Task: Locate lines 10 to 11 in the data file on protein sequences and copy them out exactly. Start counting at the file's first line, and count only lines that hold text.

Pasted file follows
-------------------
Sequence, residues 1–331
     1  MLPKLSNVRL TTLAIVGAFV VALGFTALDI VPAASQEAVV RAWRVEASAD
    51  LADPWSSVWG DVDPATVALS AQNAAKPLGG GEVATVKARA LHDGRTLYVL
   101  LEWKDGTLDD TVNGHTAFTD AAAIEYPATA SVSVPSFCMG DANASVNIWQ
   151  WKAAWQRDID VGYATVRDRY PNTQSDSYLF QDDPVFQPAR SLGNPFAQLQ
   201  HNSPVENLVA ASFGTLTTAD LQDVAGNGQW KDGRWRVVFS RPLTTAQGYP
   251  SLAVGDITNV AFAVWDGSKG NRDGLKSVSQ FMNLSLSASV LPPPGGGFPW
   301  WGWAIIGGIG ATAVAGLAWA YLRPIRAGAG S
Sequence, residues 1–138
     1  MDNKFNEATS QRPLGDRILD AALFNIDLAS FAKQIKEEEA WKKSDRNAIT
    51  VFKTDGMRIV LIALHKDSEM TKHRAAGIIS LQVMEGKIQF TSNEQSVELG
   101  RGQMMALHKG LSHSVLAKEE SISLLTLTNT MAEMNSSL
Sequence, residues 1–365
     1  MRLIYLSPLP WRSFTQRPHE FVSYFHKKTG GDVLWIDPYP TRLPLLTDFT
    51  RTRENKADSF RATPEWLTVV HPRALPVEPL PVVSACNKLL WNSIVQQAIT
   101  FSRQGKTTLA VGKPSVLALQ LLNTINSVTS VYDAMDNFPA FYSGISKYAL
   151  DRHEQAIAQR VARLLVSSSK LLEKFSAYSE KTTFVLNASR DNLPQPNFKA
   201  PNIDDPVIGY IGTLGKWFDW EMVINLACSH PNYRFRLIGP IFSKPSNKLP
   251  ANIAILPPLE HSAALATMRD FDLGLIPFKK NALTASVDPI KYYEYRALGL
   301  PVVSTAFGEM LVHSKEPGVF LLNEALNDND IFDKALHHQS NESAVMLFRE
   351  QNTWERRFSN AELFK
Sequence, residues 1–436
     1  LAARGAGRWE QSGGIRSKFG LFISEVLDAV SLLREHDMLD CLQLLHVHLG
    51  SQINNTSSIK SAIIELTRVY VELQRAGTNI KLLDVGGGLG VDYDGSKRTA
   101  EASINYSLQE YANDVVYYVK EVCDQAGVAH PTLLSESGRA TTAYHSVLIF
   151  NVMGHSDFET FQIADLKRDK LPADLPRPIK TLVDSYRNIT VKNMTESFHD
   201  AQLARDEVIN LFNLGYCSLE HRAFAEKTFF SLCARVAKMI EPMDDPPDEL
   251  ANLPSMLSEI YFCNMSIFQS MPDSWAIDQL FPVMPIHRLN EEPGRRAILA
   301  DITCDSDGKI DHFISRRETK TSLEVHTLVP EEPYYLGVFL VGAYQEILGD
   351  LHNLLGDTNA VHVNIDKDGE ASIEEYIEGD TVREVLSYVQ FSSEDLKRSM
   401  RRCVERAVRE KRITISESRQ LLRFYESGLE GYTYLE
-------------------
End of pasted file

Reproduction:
     1  MDNKFNEATS QRPLGDRILD AALFNIDLAS FAKQIKEEEA WKKSDRNAIT
    51  VFKTDGMRIV LIALHKDSEM TKHRAAGIIS LQVMEGKIQF TSNEQSVELG